Landes recently earned a master’s of business administration degree from Southern New Hampshire University. She also holds a bachelor’s degree in public administration from the University of Maine at Augusta.

Board denies reduced valuation to ReVision Energy

The solar farm located on Rte. 32 North, in China. (Photo by Roland Hallee)

by Mary Grow

On a 2-1 vote, the China Board of Assessment Review denied a request to reduce the valuation on ReVision Energy’s community solar farm at Three Level Farm on Route 32 North.

Four board members heard three hours of argument on the subject at a Dec. 18 meeting (see this article from Jan. 3). Three met again Jan. 10 to make a decision (the fourth person was out of state).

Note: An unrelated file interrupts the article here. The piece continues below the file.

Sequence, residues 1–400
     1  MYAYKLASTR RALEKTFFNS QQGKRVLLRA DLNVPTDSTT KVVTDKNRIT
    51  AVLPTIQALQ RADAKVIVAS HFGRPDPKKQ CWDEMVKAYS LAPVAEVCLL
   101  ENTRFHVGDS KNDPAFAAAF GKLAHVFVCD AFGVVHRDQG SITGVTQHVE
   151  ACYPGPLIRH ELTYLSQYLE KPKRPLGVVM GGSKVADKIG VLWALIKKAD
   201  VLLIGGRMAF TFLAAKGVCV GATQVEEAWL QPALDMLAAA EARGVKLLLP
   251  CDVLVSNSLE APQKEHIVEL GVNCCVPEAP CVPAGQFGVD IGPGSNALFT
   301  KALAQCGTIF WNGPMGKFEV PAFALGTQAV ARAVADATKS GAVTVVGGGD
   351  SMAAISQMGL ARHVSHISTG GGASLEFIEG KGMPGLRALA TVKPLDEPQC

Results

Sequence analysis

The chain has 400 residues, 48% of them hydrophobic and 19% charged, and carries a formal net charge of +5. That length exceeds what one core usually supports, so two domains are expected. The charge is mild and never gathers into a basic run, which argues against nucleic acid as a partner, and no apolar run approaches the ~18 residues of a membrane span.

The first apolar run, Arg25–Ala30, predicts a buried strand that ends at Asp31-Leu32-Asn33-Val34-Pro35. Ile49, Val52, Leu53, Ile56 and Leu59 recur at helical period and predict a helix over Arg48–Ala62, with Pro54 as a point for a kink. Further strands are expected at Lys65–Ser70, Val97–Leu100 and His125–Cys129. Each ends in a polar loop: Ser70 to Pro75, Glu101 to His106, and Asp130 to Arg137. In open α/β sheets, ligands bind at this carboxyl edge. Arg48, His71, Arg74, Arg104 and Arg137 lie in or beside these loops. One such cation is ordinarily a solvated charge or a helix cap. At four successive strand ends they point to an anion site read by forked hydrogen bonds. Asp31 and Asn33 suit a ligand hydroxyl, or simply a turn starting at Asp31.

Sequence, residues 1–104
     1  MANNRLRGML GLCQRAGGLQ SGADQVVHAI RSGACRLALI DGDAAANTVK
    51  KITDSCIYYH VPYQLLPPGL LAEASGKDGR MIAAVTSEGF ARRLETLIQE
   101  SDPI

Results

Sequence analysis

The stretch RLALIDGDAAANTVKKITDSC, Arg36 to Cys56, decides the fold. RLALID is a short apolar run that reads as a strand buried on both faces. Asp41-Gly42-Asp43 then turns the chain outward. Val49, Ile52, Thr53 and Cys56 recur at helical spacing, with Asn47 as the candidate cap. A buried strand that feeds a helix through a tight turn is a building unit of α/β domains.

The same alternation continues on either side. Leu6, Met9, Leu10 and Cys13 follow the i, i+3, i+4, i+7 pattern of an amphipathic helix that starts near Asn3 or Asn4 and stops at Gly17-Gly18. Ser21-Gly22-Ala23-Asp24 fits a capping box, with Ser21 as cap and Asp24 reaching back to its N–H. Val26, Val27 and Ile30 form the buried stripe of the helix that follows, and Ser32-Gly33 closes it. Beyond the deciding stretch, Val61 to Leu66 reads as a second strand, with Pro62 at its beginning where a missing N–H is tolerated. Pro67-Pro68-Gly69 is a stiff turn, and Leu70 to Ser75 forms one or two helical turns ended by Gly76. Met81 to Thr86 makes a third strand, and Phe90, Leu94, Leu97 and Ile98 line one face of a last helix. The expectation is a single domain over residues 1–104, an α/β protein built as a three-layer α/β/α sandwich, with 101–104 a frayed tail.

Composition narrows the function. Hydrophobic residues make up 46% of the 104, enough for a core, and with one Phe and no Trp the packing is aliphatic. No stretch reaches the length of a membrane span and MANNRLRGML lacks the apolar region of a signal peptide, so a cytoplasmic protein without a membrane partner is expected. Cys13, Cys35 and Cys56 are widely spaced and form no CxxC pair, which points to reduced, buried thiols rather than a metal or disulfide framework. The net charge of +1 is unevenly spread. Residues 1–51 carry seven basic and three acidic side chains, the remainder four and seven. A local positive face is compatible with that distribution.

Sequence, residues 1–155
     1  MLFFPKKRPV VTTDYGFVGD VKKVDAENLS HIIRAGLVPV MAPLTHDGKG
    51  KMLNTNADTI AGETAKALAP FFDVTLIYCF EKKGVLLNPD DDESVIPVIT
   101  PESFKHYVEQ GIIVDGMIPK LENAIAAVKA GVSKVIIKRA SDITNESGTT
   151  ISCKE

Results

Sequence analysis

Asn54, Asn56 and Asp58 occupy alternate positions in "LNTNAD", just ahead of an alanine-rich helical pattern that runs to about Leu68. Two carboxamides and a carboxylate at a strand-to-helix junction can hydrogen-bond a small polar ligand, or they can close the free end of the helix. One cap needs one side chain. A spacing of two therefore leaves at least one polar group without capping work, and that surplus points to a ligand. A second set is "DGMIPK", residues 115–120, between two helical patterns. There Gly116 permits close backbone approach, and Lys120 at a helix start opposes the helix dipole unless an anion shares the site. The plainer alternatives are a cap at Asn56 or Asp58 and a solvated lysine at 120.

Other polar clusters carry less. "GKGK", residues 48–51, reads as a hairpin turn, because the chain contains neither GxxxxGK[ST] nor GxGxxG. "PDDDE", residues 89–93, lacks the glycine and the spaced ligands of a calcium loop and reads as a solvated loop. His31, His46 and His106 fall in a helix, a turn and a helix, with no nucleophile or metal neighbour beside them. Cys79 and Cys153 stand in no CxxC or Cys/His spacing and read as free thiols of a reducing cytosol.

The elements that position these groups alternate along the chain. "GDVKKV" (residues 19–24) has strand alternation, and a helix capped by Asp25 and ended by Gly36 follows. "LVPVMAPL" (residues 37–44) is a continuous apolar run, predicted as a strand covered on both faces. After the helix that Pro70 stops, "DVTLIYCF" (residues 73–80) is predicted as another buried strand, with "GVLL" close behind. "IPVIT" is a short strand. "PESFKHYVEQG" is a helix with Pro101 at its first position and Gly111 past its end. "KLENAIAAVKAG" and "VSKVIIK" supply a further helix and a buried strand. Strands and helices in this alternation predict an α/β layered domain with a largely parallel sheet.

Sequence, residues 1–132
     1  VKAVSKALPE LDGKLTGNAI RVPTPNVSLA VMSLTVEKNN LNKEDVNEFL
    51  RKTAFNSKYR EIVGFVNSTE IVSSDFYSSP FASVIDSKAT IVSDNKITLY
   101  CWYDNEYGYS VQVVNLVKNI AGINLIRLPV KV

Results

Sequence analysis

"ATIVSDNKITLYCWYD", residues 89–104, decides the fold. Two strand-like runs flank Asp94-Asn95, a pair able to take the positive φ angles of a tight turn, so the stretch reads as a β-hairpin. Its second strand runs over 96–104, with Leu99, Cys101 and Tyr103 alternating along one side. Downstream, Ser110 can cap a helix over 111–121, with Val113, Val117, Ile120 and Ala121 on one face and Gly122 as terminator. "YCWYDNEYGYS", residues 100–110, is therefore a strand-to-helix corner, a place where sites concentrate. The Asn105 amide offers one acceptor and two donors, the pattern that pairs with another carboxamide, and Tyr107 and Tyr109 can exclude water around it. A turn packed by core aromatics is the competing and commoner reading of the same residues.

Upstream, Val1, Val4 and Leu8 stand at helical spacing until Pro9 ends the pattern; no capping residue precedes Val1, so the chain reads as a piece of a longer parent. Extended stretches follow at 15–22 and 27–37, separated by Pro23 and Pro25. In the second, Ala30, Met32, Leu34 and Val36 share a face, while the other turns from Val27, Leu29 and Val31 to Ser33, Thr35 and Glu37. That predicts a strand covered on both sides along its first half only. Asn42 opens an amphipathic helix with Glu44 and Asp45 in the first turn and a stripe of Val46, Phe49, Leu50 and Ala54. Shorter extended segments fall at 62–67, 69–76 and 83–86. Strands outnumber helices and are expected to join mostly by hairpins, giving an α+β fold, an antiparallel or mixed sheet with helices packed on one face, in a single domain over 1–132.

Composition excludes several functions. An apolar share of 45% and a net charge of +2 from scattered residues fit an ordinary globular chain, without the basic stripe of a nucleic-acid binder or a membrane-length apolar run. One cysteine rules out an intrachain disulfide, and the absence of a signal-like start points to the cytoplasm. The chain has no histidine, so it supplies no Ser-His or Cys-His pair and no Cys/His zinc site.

Chairman Dale Peabody began by establishing that no board member had a conflict of interest in acting on the project. He then reviewed the criteria for a successful appeal: the burden of proof is on the appellant (ReVision Energy in this case), who must prove the assessment was “manifestly wrong” in that it was either completely unreasonable or fraudulent, dishonest or illegal.

In addition, Peabody said, the appellant is required to provide an alternative valuation supported by credible evidence.

Peabody and fellow board member Harold Charles did not believe ReVision Energy met either requirement. They questioned the company’s figures on depreciation and on the end-date for the project and its final value; and they found the company’s belief that taxes should equal to no more than five percent of income unsupported.